- Other characters close to the German regime were the Grand Mufti of Jerusalem, Amin al-Husseini, or the Allal al-Fassi of the French Protectorate of Morocco.
On the other hand, other French colonies in Africa sided with the anti-fascist resistance, such as Algeria, Cameroon and Senegal.
After 1943, when the United States entered the war, the course of the war shifted in favour of the Allied side. It was then that a round of contacts was initiated between the leaders of the Allied powers to divide up the post-war world and delimit the spaces of influence of the future two dominant blocks.
France and Italy have managed to change their status from enemy to ally during the war and have also participated in these peace conferences. The most important meetings were:
- Conference of Tehran (November – December 1943). Participants: Roosevelt, Churchill and Stalin.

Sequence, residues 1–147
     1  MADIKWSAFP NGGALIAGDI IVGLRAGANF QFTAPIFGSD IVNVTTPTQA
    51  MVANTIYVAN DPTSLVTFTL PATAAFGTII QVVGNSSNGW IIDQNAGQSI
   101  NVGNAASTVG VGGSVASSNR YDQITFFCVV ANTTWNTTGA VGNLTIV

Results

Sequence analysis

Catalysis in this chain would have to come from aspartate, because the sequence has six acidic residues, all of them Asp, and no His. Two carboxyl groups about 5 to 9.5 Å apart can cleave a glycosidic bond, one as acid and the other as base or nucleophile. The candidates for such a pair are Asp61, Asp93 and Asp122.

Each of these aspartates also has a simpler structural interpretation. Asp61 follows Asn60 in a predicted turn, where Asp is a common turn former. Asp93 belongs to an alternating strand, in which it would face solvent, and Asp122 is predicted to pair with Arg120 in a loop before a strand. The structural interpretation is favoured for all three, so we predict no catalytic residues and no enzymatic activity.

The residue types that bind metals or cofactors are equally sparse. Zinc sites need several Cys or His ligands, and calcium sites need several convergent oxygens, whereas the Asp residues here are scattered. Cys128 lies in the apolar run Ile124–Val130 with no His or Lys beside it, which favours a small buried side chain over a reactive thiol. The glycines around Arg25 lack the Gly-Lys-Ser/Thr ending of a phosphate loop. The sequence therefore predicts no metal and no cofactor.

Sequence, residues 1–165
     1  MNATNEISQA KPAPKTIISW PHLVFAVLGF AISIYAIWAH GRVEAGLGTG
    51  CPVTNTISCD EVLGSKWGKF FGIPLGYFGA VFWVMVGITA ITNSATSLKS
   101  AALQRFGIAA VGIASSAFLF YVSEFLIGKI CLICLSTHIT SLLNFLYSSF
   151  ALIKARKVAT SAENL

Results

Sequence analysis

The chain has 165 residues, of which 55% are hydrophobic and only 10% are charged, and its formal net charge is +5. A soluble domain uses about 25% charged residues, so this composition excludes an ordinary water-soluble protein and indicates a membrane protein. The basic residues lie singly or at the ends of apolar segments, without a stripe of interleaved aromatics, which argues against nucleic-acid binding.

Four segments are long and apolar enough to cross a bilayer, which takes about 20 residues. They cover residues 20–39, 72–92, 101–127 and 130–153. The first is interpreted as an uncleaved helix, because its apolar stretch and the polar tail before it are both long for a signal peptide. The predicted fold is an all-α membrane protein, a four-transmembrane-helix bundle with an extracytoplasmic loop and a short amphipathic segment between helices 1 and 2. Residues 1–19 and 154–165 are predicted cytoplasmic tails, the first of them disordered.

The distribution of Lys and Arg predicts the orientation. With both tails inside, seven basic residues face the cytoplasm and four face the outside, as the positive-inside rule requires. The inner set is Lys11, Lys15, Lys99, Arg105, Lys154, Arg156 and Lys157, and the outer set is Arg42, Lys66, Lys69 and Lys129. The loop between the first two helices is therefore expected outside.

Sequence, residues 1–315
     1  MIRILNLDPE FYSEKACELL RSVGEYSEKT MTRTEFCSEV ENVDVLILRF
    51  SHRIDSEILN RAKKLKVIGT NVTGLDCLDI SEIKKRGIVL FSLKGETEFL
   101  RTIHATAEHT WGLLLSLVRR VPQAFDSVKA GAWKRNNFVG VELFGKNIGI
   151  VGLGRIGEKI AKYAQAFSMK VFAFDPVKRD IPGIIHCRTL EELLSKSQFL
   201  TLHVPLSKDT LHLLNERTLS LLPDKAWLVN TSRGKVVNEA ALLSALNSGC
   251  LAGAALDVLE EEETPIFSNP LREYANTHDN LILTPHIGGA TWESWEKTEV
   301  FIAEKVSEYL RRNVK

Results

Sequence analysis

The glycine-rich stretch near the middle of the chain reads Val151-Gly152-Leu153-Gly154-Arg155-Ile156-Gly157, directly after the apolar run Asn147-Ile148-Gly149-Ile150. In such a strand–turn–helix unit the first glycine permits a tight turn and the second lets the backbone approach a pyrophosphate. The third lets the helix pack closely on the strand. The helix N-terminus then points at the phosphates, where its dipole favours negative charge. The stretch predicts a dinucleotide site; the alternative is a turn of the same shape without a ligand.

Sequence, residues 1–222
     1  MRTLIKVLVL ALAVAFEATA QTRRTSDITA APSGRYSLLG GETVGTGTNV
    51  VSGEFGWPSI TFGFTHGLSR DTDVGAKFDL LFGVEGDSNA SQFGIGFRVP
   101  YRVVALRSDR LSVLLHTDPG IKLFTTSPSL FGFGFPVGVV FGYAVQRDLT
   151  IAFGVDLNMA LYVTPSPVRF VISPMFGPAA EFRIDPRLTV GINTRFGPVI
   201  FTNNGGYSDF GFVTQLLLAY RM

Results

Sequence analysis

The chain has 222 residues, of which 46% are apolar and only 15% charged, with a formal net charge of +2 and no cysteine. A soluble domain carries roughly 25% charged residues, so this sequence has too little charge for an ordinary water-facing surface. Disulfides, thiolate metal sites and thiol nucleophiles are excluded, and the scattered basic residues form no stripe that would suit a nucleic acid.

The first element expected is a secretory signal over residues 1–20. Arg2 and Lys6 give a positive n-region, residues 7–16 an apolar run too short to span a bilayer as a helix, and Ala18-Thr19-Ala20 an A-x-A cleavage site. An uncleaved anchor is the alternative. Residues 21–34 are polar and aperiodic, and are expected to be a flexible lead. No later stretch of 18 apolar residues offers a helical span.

- The Fourth Moscow Conference (October 1944). Participants: Stalin and Churchill.
- The Yalta Conference (February 1945). Participants: Roosevelt, Churchill and Stalin.
- The Potsdam Conference (July-August 1945). Participants: Truman, Churchill / Attlee and Stalin.
Tehran Conference (1943)
Development of the war in 1943
When the Tehran Conference in November 1943, the general situation was as follows:
- On the Pacific front, Japan was in retreat. The United States and Great Britain dominated the area thanks to their victory at the Battle of Guadalcanal in February 1943. The Allied victory was closer;
- In Africa, the war had ended with the Allied victory in the Second Battle of El-Alamein;
- On the eastern European front, the Soviets had won the Battle of Stalingrad (August 1942-February 1943) and the Battle of Kursk (July-August 1943). The two Soviet victories marked the beginning of the liberation of the occupied countries of Eastern Europe. France and the Netherlands were still in German hands.
1943 Italy: the fall of the Fascist regime
In July 1943, British and Canadian troops landed on the Italian island of Sicily. The operation to occupy Italian territory by the Allies began. At that time, the Italian fascist state was not only having problems in the war but also within the country itself due to the growing anti-fascist opposition.